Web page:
Welcome, Guest. Please login or register.
November 29, 2022, 10:58:53 am

Login with username, password and session length


Members
Stats
  • Total Posts: 766795
  • Total Topics: 65451
  • Online Today: 184
  • Online Ever: 5484
  • (June 18, 2021, 11:15:29 pm)
Users Online
Users: 2
Guests: 95
Total: 97

Welcome


Welcome to the POZ Community Forums, a round-the-clock discussion area for people with HIV/AIDS, their friends/family/caregivers, and others concerned about HIV/AIDS.  Click on the links below to browse our various forums; scroll down for a glance at the most recent posts; or join in the conversation yourself by registering on the left side of this page.

Privacy Warning:  Please realize that these forums are open to all, and are fully searchable via Google and other search engines. If you are HIV positive and disclose this in our forums, then it is almost the same thing as telling the whole world (or at least the World Wide Web). If this concerns you, then do not use a username or avatar that are self-identifying in any way. We do not allow the deletion of anything you post in these forums, so think before you post.

  • The information shared in these forums, by moderators and members, is designed to complement, not replace, the relationship between an individual and his/her own physician.

  • All members of these forums are, by default, not considered to be licensed medical providers. If otherwise, users must clearly define themselves as such.

  • Forums members must behave at all times with respect and honesty. Posting guidelines, including time-out and banning policies, have been established by the moderators of these forums. Click here for “Do I Have HIV?” posting guidelines. Click here for posting guidelines pertaining to all other POZ community forums.

  • We ask all forums members to provide references for health/medical/scientific information they provide, when it is not a personal experience being discussed. Please provide hyperlinks with full URLs or full citations of published works not available via the Internet. Additionally, all forums members must post information which are true and correct to their knowledge.

  • Product advertisement—including links; banners; editorial content; and clinical trial, study or survey participation—is strictly prohibited by forums members unless permission has been secured from POZ.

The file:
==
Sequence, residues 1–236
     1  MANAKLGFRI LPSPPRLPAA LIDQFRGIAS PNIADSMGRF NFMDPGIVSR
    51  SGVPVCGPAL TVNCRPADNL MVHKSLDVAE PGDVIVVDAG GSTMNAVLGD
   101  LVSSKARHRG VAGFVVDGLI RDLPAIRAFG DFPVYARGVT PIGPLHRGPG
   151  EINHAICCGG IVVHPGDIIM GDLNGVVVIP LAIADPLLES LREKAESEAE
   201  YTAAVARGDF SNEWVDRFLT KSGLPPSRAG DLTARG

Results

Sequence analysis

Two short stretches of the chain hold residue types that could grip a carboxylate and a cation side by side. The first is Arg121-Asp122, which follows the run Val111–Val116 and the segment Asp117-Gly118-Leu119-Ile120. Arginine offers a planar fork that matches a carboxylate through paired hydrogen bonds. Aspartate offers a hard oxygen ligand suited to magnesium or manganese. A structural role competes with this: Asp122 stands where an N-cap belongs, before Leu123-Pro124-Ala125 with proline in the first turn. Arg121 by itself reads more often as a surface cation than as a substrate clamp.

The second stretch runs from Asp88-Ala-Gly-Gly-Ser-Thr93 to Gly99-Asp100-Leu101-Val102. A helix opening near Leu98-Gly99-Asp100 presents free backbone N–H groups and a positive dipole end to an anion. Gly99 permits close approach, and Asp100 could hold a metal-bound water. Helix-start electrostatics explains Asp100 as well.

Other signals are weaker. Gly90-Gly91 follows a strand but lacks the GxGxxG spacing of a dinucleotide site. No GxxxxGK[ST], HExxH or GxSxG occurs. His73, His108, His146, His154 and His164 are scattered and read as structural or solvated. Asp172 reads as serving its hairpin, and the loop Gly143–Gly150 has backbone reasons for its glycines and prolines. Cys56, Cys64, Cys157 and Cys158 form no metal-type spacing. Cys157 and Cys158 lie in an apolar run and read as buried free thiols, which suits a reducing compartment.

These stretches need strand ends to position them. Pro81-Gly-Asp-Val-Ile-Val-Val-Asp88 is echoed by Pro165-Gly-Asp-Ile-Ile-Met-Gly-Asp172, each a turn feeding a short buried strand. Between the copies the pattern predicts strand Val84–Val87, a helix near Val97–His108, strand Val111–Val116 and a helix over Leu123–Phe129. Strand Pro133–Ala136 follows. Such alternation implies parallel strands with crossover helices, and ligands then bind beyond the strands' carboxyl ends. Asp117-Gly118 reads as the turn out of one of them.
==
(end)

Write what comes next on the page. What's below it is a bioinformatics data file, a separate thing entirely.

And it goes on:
To change forums navigation language settings, click here (members only), Register now

Para cambiar sus preferencias de los foros en español, haz clic aquí (sólo miembros), Regístrate ahora

Finished Reading This? You can collapse this or any other box on this page by clicking the symbol in each box.

Welcome to Do I Have HIV?

Welcome to the "Do I Have HIV?" POZ forum.

This special section of the POZ forum is for individuals who have concerns about whether or not they are HIV positive. Individuals are permitted to post up to three questions or responses in this forum.

Ongoing participation in the "Do I Have HIV?" forum (posting more than three questions or responses) requires a paid subscription, with secure payments made via PayPal.

A seven-day subscription is $9.99, a 30-day subscription is $14.99 and a 90-day subscription is $24.99.

Anyone who needs to post more than three messages in the "Do I Have HIV?" forum -- including past, present and future POZ Forums members -- will need to subscribe, with secure payments made via PayPal.

There is no charge to read threads in the "Do I Have HIV?" forum, nor will there be a charge for participating in any of the other POZ forums. In addition, the POZ Basics "HIV Transmission and Risks" and "HIV Testing" basics, will remain accessible to all.

NOTE: HIV testing questions will still need to be posted in the "Do I Have HIV?" forum; attempts to post HIV symptoms or testing questions in any other forums will be considered violations of our rules of membership and subject to time-outs and permanent bans.

To learn how to upgrade your Forums account to participate beyond three posts in the "Do I Have HIV?" Forum, please click here.

Thank you for your understanding and future support of the best online support service for people living with, affected by and at risk for HIV.

Author Topic: Truvuda PEP side effects  (Read 1616 times)

0 Members and 1 Guest are viewing this topic.

Offline landersen

  • Standard
  • Member
  • Posts: 7
Truvuda PEP side effects
« on: September 07, 2022, 12:35:23 pm »
Apologies if this has been covered elsewhere.  New here and couldn't really find what I was looking for via search.

I just took my first Truvada and Inestress pills for PEP treatment.  Generally speaking, when I read about potential side effects, I'm wondering how severe those side effects are in the real world.  I'm a relatively healthy 52 year old male.  Only real issue I have is being roughly 25lbs overweight.

Is there any advice for these drugs to help mitigate potential side effects such as Nausea, diarrhea, etc?

I am a little concerned that I sometimes do suffer very mild bouts of depression and wondering how concerned I should be about that since it is a listed side effect of Truvada.

Thoughts are advice from the community?

Thank you in advance.

Offline Jim Allen

  • Administrator
  • Member
  • Posts: 19,776
  • Twitter @JimAllenDublin
    • HIV Lessons
Re: Truvuda PEP side effects